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'After three miscarriages, I know that two days leave is not enough. Here’s why.'

Content warning: This post deals with miscarriage and may be triggering for some readers.

Since I had my first miscarriage nine years ago, I have seen a lot of positive change in the ways we openly discuss pregnancy loss.

Last year’s amendment to the Fair Work Act, which allows for two days of leave following a miscarriage, thanks to the research and lobbying from miscarriage support network Pink Elephants, shows that things are moving in the right direction. 

But while two days leave is a great start, I can tell you after my personal experience of three miscarriages, that 48 hours' leave is simply not enough.

Watch: Tina Arena talks to Mia Freedman about her pregnancy loss. Post continues below. 


Video via Mamamia.

In 2013, when I excitedly turned up for my routine 12 week pregnancy scan, I was told the devastating news that I had miscarried. 

The kind sonographer gently directed me to go home and see my GP for a referral to the local 'early pregnancy unit' at the obstetrics outpatient unit. 

Once I was in the hospital system, I needed regular appointments to monitor the falling levels of the hCG hormone and scans to check that the blood and 'product' was coming away as it should. 

I was frequently in agony, spending hours in the bathroom passing blood clots while feeling upset about what exactly those clots were. Trying to look after myself while caring for my then toddler Toby was impossible. The pain was one thing, but remaining good humoured while heartbroken was something else.

I was on annual leave from my part-time marketing job and my mum offered to help me out with Toby during the day. 

Eventually after more check-ups that confirmed things were not progressing, I was prescribed an abortion drug called Misoprostol that forces the uterus to contract and push out the remaining product.

After more days of pain but not much else, l ended up in hospital having a uterus sweep, a procedure called a Dilation & Curettage (D&C) to clear out the rest, that was by then septic. It was all done under general anaesthetic and I went straight home afterwards to recover. The prevailing feeling by then was one of shock that my happy news had so quickly turned into a nightmare but also relief it was finally all over.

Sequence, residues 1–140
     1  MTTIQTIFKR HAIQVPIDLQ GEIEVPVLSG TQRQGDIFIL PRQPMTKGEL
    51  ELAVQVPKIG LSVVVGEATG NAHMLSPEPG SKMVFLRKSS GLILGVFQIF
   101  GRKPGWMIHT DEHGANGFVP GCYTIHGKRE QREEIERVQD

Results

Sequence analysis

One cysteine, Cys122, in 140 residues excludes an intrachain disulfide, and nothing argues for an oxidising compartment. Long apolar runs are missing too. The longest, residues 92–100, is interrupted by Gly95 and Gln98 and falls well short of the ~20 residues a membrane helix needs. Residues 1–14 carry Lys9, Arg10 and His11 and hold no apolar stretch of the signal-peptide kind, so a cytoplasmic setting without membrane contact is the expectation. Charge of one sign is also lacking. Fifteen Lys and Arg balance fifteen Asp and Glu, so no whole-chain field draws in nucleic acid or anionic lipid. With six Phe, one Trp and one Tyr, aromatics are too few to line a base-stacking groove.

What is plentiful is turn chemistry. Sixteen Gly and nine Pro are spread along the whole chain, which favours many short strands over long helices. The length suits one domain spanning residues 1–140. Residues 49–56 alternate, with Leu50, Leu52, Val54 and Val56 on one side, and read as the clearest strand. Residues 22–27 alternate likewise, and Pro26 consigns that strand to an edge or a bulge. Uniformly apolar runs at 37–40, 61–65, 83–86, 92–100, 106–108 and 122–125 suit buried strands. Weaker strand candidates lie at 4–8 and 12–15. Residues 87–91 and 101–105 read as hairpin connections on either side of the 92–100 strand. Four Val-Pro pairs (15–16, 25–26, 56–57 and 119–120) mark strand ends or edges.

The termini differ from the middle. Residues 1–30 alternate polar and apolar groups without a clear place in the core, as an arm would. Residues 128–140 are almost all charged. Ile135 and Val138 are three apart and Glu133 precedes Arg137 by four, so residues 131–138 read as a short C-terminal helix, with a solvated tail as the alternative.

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While every woman’s experience is different, the physical symptoms of my first miscarriage lasted three weeks. 

Three weeks.

This does not account for the subsequent days, weeks and months I spent grieving the loss of my baby and future family of four, while I carried on with life as a busy working mum of one. 

Listen: A bonus episode of Get Me Pregnant looks at coping with pregnancy loss. Post continues below.


The pattern with my second and third miscarriages were similar, as on both occasions my body refused to get things moving 'naturally' like it was apparently supposed to. 

During my second miscarriage in 2014, I remember standing on a busy train back from London feeling exhausted but too ashamed to ask anyone for their seat. After all, I looked physically well; I was no longer pregnant, and I was in my mid-thirties: why would I need the seat?

It made me wonder about all the other things women keep doing while they miscarry in silence for days or weeks on end; hiding their loss from the world.

Once again after multiple appointments, blood tests and nervously waiting for the bleeding to start, I was sent to hospital for a second D&C. At the final scan before the procedure, a beautiful midwife asked me if I wanted a moment with the grainy image of my uterus and what had been my baby. With all the clinical talk of 'product' and 'falling hCG hormones', this small humane gesture was a much appreciated acknowledgement of my loss.